- A box is not a box. It is a bubble of context. What other means of contextual compartmentalization might work?
- Blank space is not blank space. It is the intimate, knowing look that lends emphasis to what comes next. The larger it is the more gravity it holds. Why is that function required, and where might it best be utilized? Is the result of your use of blank space intimate or knowing?
- A gradient is not a gradient. It is a directional mechanism, a dimensional metaphor, or an indication of some object or force not visible on the page. Why would that be interesting or even necessary in your design? What else might fulfill its mandate?
- A color is not its color. It is a metaphor for some personified quality. How does it support or conflict with the message, the brand, or the theme?
- A sharp or round corner is not its shape. It is an explanation of character and personality. What are you trying to say with your corners and why? And do you need corners and the structures they inhabit at all?
- Big is not big, small is not small, dark is not dark, and light is not light. They are the missing yet important components of the story as told by the content, used to define context and even layout navigation. These qualities constitute the meta-story. These qualities are, by the way, meaningless except by how they contrast with one another.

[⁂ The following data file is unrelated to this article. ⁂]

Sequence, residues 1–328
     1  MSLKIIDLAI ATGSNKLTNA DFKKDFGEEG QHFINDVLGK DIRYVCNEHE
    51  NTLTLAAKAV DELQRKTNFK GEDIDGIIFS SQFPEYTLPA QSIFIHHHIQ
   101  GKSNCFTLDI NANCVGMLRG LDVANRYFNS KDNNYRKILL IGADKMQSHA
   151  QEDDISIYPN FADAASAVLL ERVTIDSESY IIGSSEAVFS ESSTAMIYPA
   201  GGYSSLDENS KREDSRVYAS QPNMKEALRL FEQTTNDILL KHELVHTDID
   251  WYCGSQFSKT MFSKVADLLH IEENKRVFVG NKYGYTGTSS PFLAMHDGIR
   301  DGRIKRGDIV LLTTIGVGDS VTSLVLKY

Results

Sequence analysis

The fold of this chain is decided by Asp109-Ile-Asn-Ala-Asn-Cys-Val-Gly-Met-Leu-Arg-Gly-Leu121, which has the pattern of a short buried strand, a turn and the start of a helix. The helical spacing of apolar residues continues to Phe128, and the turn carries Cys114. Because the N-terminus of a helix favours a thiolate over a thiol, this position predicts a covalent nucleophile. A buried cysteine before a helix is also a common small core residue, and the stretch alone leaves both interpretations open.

- A drop shadow is not a drop shadow. It is a mechanism for emphasis and the suggestion of invisible environmental forces. How else might you emphasize that bit of content? Is the environment you’re suggesting contextually required or even correct?
- A texture is not a texture. It is an environmental and/or thematic metaphor. Why is it required? What does it suggest? What other means of suggestion might work better?
- A font is not a font. It is the flavor we impose upon the textual message (and everything around it) just as the chef seasons the meal and selects a specific plate and setting for it. The font encumbers the word, the paragraph, and the message and there is no such thing as a neutral font choice; only lazy or inarticulate designers.
- A word is not just a word. It is a picture of something. Specific words have specific context and nuance, and the same picture may be described by a different word—did you use the right one?
Okay, you get the idea
A comprehensive example of the list above would be enormous. What I hope it conveys is that it is quite likely that your design process should be iterative; with each iteration realizing more efficiency and contextual cohesion. Also, that the obvious design choice may be the lazy one; more clutter than design.
As you mature as a designer, your efforts will likely become more efficient and your iterative process shorter. Ultimately, you might accomplish in one stroke what used to take ten or more iterations. Know, however, that no designer is likely to achieve any significant level of competence without the firm understanding that design requires the employment of representative components for representative purposes rather than literal components for any purpose.